NEW YORK (CBSNewYork/CBS News/AP) — The National Rifle Association faced a growing backlash Sunday as companies cut ties to the gun industry following the Valentine’s Day massacre at a high school in south Florida.
The latest companies to end their ties with the NRA were Delta and United Airlines, two of the three largest U.S.-based airlines.
Corporate ties to the NRA aren’t the only elements undergoing scrutiny after a shooting at Marjory Stoneman Douglas High School in Parkland, Florida, that left 17 dead on Valentine’s Day. Broward County Sheriff Scott Israel said he’s investigating claims that some Coral Springs police officers saw several of his deputies outside the building after the shooting began.
On Thursday, Scot Peterson, the school’s resource officer, resigned under fire from the sheriff’s office for failing to enter the building where police say former 19-year-old student Nikolas Cruz was gunning down students with an AR-15 assault-style rifle.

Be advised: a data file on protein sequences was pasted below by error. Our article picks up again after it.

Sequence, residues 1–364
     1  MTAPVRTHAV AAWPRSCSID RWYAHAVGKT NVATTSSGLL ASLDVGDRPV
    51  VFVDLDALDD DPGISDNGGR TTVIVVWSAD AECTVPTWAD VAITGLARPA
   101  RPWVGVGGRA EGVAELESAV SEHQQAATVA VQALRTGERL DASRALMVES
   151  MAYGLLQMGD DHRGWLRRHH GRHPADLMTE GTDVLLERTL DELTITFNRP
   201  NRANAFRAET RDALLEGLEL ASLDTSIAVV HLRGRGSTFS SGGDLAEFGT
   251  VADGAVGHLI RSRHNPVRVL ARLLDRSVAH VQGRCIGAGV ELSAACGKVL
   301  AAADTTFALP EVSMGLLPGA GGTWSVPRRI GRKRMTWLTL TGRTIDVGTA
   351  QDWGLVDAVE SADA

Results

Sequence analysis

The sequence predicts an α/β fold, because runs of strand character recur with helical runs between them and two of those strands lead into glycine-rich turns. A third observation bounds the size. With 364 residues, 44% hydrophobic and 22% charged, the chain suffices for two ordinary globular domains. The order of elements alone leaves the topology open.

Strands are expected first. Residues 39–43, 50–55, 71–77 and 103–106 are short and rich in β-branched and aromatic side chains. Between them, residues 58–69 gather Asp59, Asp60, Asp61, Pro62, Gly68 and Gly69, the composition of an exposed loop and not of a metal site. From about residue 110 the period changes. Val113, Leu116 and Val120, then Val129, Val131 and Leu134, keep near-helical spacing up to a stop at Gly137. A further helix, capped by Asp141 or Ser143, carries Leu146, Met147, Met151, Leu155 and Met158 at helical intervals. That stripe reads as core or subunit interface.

Here is a list of some of the companies that have cut ties or distanced themselves from the NRA:
- First National Bank of Omaha: The bank announced that it would not renew a co-branded Visa credit-card with the NRA.
- The Hertz Corp.: The rental car company ended its discount program for NRA members.
- MetLife Inc.: The insurer terminated discounts that had been offered to NRA members on the NRA website
- Enterprise Holdings Inc.: The car rental company that also owns Alamo and National cut off discounts for NRA members.
- Symantec Corp.: The software company that makes Norton Antivirus technology ended its discount program with the NRA.
- Chubb Ltd.: The insurer announced it was ending participation in the NRA’s gun-owner insurance program, though it provided notice three months ago.
- Best Western: The hotel chain told multiple social media users that it was no longer affiliated with the NRA, though it did not say when that decision was made.
- Wyndham Hotels: The hotel chain told social media users it is no longer affiliated with the NRA without specifying when that decision was made.
- United Airlines: United said in a tweet Saturday it is “is notifying the NRA that we will no longer offer a discounted rate to their annual meeting and we are asking that the NRA remove our information from their website.”